The 26,720-square-foot building at 2060 Challenger Drive once served as light manufacturing space for firms that provided assembly line, communication and security equipment. But at the beginning of the year the building became a new home for the Alameda Unified School District’s administrative offices, its open spaces and hard, concrete floors replaced by a thin tile carpet and neat rows of cubicles ringed by conference rooms.
“None of this was in place in November,” Alameda Unified’s chief business officer, Robert Shemwell, said as he gave The Alamedan a tour of the new offices earlier this month. “It was very industrial-looking before.”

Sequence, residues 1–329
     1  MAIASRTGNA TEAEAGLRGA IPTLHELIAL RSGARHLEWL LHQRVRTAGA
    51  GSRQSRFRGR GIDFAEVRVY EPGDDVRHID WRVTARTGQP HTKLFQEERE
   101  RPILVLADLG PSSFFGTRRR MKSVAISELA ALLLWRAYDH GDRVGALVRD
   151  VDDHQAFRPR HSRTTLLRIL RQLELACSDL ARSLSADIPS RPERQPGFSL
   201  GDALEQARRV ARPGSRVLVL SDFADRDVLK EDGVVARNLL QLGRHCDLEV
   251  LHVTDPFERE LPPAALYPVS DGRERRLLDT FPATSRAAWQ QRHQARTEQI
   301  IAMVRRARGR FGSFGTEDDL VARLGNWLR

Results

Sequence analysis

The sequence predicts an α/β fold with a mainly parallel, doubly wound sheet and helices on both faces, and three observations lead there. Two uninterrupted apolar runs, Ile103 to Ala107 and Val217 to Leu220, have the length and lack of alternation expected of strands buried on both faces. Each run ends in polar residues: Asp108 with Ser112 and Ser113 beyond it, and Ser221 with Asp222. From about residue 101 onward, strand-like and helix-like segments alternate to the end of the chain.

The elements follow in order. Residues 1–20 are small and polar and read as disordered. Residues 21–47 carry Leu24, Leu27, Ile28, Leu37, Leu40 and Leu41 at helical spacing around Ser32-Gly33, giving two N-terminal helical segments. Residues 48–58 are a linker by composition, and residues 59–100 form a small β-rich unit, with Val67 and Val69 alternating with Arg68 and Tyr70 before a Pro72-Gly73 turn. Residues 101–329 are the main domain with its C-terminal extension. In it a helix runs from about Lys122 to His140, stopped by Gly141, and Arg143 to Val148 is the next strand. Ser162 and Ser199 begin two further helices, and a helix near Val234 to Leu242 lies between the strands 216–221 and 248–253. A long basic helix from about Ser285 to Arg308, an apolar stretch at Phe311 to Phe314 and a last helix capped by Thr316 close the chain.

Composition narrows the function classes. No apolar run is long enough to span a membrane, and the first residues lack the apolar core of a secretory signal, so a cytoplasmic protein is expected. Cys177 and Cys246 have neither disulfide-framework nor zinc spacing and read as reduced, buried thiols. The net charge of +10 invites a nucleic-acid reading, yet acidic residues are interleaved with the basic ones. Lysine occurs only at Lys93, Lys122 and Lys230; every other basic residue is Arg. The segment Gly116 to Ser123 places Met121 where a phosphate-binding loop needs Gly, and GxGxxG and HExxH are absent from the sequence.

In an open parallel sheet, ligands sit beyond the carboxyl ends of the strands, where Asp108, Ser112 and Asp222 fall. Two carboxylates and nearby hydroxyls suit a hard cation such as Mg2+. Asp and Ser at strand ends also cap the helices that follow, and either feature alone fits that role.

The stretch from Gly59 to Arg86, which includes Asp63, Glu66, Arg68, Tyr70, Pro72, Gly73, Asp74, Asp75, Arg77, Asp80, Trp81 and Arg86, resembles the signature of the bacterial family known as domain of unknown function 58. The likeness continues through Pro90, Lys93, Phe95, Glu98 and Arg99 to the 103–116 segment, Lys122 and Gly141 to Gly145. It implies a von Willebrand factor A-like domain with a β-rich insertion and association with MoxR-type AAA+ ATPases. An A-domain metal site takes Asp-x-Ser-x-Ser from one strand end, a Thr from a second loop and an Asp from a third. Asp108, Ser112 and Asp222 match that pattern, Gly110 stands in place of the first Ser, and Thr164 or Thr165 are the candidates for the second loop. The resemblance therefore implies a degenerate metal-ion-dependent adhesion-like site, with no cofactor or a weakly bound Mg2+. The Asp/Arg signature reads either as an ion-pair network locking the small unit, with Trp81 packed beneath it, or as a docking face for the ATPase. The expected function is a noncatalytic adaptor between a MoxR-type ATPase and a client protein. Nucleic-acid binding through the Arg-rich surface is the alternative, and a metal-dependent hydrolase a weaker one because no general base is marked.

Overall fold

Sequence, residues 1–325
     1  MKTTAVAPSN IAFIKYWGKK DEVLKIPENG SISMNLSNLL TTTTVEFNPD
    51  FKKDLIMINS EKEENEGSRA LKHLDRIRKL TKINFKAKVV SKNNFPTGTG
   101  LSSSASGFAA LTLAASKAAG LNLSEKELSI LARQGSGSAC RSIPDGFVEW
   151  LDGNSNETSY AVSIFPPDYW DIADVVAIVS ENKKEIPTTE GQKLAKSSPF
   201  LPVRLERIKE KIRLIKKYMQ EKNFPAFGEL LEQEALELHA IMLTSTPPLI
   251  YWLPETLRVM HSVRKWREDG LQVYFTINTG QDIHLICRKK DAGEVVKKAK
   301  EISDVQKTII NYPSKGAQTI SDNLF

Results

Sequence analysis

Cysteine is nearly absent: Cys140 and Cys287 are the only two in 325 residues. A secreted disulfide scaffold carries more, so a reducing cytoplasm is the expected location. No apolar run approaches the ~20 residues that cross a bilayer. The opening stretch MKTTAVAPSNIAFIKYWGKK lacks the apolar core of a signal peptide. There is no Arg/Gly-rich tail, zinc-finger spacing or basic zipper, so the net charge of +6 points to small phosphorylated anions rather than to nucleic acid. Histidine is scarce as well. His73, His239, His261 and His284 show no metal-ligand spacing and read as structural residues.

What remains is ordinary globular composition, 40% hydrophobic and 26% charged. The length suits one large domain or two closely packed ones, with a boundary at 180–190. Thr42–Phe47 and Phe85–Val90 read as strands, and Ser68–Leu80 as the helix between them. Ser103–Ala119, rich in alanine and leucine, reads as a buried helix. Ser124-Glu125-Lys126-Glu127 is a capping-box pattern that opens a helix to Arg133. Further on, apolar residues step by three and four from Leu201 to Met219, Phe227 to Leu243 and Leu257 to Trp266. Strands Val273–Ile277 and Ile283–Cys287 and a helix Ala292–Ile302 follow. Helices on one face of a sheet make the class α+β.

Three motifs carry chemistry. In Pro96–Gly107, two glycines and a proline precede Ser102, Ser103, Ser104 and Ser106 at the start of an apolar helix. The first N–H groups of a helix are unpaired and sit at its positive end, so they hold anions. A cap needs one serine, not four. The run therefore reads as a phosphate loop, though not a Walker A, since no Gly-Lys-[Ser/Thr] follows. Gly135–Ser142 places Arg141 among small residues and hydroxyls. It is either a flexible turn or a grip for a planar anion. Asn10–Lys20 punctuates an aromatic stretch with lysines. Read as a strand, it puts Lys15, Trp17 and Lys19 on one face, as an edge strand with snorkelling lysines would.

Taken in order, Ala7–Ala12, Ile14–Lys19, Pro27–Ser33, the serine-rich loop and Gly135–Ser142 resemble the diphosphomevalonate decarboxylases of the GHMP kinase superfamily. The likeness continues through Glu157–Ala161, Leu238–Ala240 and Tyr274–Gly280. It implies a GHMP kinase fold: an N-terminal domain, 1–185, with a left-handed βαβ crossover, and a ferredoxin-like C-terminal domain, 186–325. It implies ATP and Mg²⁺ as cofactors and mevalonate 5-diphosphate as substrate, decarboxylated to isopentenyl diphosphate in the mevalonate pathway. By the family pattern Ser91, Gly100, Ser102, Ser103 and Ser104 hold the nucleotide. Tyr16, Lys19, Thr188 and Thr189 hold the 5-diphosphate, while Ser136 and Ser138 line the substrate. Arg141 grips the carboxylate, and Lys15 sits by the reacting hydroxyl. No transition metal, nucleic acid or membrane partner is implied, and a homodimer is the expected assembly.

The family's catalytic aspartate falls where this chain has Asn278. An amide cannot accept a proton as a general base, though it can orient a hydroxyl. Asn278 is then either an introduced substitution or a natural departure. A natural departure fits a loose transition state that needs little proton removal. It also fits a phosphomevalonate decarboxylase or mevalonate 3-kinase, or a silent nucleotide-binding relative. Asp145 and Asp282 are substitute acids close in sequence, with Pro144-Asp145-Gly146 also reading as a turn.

Schools leaders are getting ready to draft a long-term facilities plan for the first time in half a century – and also, to figure out how to pay for the schools the plan says Alameda will need.
The plan would address whether Alameda needs two comprehensive high schools, two middle schools and 10 elementary schools or whether a different lineup of schools would better suit the school district’s educational objectives and enrollment. It would also lay out the costs of different school facility options.